UASL

 

What is  UASL?

The UASL project (Upper Atmosphere Space Launcher) is an initiative that aims to perform a balloon assisted parabolic flight to the space boundary (100km) with a P/L of 1kg. This would provide a platform for students, university researchers and space
enterprises to perform experiments and certifications in microgravity, reentry simulation and studies in space conditions. It is also a first step on a field of keen interest for the industry: launch microsatellites into orbit in an efficient and inexpensive way.

Why UASL?

Conventional space delivery systems are not optimized for light P/L and therefore they are very expensive and inefficient. The main cause is that no matter how small the P/L is, the launcher wastes most of its fuel going through the denser layers of the atmosphere.

Launching from the stratosphere with the assistance of helium balloons minimizes drag losses and allows optimizing the nozzle for high atmosphere conditions.

Fuel needs are significantly reduced and allowing the rocket to be lighter and less pollutant.  All this together with the electronics miniaturization provides a wide range of possibilities.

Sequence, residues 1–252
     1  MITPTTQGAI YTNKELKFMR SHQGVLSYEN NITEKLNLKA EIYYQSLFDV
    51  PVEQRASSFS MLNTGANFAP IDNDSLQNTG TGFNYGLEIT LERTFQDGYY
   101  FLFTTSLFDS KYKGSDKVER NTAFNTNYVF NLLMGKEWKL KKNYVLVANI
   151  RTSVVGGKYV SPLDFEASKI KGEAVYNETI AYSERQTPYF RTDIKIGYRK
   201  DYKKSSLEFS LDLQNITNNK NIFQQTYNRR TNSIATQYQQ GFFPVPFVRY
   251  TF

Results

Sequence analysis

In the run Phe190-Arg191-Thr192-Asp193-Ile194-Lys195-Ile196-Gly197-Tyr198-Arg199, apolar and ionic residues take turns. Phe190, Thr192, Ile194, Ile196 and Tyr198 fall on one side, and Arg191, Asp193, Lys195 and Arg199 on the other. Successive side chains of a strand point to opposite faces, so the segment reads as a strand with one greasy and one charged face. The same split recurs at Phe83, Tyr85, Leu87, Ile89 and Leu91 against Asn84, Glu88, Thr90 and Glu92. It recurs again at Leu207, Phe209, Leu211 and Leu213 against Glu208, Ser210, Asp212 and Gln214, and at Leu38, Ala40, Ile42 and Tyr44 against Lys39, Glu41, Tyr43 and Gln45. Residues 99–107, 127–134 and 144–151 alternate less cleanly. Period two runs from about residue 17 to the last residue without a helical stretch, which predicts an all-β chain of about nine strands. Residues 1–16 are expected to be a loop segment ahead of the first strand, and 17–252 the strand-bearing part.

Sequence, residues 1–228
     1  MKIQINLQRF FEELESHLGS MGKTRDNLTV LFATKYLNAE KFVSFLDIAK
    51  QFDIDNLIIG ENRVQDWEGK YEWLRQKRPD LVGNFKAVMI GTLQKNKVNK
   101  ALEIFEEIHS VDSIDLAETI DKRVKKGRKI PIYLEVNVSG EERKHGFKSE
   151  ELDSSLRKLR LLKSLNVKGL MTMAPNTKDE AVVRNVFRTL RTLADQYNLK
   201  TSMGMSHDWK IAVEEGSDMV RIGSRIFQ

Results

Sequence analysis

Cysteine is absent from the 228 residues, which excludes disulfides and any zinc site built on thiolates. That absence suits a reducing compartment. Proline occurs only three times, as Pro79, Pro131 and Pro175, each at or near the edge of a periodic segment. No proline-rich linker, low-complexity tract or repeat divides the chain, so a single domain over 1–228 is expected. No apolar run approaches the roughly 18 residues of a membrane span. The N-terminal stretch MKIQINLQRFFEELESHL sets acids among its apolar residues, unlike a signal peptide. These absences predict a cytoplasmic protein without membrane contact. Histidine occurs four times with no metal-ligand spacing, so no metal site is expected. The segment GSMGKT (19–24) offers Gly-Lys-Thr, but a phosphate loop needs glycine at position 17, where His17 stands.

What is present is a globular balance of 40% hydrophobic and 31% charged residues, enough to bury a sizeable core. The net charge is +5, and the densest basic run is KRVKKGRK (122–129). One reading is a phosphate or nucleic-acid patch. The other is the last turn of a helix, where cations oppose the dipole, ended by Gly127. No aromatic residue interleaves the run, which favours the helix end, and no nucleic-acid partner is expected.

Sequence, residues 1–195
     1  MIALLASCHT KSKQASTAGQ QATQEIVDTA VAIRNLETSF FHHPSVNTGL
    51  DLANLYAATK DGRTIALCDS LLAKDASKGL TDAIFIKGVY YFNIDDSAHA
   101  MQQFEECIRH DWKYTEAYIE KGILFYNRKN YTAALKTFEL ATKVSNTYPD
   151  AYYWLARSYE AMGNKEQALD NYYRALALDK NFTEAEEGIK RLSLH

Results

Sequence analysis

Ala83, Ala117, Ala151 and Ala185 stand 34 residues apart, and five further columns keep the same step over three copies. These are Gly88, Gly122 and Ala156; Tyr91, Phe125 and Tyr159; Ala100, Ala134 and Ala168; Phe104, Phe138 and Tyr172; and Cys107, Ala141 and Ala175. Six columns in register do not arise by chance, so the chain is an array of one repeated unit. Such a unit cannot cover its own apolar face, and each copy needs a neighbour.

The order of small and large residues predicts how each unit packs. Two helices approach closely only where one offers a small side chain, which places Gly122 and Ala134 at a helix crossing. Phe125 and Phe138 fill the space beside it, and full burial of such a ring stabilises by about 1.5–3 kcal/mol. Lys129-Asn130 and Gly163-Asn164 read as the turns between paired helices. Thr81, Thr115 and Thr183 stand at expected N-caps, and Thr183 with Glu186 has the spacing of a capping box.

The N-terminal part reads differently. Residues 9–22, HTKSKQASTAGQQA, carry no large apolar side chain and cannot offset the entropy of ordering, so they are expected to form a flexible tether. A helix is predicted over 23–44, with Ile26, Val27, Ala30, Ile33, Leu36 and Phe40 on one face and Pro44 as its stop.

Who is UASL?

The UASL project nurtures from several EUROAVIA Terrassa working groups that have gained experience in the development of several subsystems, mainly TRT (Terrassa Rocket Team) and NESLAB (NEar Space LABoratory).

How?

Using a lifted launch pad that reaches the stratosphere. Launching from an altitude of 35 km reduces the drag effects and allows the nozzle to be optimized for vacuum conditions allowing less fuel consumption making the rocket cheaper and greener.

With tested telemetry, guidance and communication systems
that combine external technology with self developed electronics.  Redundancy on critical devices and exhaustive tests both on the software and hardware ensure to keep the equipment in working order.

Hybrid rocket propulsion systems. Hybrid propulsion systems can employ energy management via throttling and restart, and they are environmentally friendly.

Composites and pressurized structures are needed to avoid that the structure bruises. Additionally, composite materials provide high stiffness without introducing too much weight.

Thrust vector control (TVC) is the most effective method while the main propulsion system is operating. This control system basically consists on redirecting the exhaust gases in order to change the orientation of the rocket.

The parachute configuration must create enough drag so as to assure a safe landing. Therefore, the recovery system consists of two parachutes: a first drogue ejected at high altitudes and a main parachute, ejected at lower altitudes.

 

Aim high, go beyond!